Systems%20Diagrams

Systems%20Diagrams - Systems Diagrams Understanding how...

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Systems Diagrams Understanding how factors effect one another © iStockphoto/mevans System diagrams are powerful tools that help you to understand how complex systems work. Systems analyzed may be anything from businesses, through biological population models, to the impact of social policy, etc. System diagrams are particularly helpful in showing you how a change in one factor may impact elsewhere. They are excellent tools for flushing out the long term impacts of a change. Importantly, a good system diagram will show how changing a factor may feed back to affect itself! Drawing a system diagram is a good way of starting to build a computer model. The technique helps you to map out the structure of the system to be modeled. It shows the factors and relationships that are important, and helps you to start quantifying the linkages between factors. How to Use the Tool Relationships between factors: At the heart of the use of system diagrams is the idea of linking factors to show a relationship between them. For example a company may link the factors of product quality and customer satisfaction. It believes that as the quality of its goods change, so will customers' happiness with them. We show this as an arrow linking the two factors: The S shows that the factors move in the Same way – as quality improves, so will the happiness of customers. The arrow shows the direction of the relationship: raising customer happiness does not necessarily raise the quality of the goods! These relationships can also work the other way. The company may link price with the customers' perceptions of the 'good value' of its goods. This is shown below: The O shows that the relationship works in the opposite way: in this case as you raise price, customers' perceptions of good value reduce. Feedback Loops: Feedback is an important concept in the use of system diagrams – in very many cases changing one factor will impact on another factor, which will then affect the first. Feedback will either reduce the impact of the change, or will amplify it.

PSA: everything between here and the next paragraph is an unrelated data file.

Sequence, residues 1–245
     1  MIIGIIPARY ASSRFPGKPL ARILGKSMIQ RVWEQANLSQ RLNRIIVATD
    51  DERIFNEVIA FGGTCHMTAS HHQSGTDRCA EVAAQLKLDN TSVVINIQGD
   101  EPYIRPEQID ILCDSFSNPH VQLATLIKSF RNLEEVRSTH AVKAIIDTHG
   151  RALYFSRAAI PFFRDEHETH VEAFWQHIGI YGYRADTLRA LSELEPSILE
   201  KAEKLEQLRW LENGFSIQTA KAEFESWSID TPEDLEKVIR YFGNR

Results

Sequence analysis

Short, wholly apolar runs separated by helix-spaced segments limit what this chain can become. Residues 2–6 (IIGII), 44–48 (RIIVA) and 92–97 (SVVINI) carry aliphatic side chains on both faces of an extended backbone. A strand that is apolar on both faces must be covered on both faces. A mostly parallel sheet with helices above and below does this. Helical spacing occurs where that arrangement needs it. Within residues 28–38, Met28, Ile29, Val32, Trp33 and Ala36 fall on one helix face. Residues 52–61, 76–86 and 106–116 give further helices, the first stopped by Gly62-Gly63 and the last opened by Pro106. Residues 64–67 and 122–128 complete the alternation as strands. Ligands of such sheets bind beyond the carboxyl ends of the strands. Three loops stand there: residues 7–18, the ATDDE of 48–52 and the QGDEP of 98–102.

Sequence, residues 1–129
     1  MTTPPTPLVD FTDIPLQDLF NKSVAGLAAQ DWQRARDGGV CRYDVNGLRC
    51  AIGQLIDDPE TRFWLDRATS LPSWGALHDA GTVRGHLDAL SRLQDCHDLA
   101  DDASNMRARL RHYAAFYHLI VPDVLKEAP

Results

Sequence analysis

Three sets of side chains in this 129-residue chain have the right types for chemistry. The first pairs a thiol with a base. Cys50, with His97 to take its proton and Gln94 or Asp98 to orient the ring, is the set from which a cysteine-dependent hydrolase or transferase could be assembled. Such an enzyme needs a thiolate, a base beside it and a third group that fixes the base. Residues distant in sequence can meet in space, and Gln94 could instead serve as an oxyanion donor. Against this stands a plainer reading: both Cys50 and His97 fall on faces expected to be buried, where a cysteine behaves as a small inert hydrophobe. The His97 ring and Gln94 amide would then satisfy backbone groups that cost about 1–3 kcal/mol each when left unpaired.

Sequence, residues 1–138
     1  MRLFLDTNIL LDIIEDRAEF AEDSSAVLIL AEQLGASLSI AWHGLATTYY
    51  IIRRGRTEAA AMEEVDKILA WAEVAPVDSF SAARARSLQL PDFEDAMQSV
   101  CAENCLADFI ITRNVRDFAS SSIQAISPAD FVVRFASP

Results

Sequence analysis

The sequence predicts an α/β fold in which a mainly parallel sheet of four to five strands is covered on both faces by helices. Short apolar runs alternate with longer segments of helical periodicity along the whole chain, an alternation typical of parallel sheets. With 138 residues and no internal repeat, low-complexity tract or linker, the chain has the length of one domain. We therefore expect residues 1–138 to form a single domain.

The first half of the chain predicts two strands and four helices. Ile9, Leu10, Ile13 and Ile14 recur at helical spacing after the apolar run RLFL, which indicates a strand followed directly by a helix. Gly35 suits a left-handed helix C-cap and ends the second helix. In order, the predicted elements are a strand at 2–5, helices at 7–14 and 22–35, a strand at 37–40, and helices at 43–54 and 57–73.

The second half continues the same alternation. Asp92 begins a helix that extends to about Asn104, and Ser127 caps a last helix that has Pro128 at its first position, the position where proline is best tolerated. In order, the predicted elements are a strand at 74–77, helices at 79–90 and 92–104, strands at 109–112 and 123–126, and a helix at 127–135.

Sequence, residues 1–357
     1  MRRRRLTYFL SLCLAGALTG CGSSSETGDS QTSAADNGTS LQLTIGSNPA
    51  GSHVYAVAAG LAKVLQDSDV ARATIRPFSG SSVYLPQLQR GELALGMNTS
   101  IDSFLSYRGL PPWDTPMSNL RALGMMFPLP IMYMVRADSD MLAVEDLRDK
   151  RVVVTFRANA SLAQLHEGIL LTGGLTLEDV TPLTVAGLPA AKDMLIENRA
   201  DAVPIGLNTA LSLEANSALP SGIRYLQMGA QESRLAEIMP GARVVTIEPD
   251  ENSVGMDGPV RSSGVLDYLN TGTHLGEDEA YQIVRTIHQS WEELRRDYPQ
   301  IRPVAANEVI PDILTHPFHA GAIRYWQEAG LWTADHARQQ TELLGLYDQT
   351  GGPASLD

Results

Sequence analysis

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Balancing Loops: Where feedback reduces the impact of a change, we call this a Balancing Loop. The example below shows an example of a balancing loop, where an under-resourced service company is trying to raise quality: In this situation, improving the quality of service leads to improved customer satisfaction, which leads to an increase in demand for the company's service. In trying to meet this demand, the company has less time to devote to individual customers, which reduces its ability to improve quality further. Note the small circular arrow in the middle of the loop. This shows which way round the loop is running. In complex diagrams
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Systems%20Diagrams - Systems Diagrams Understanding how...

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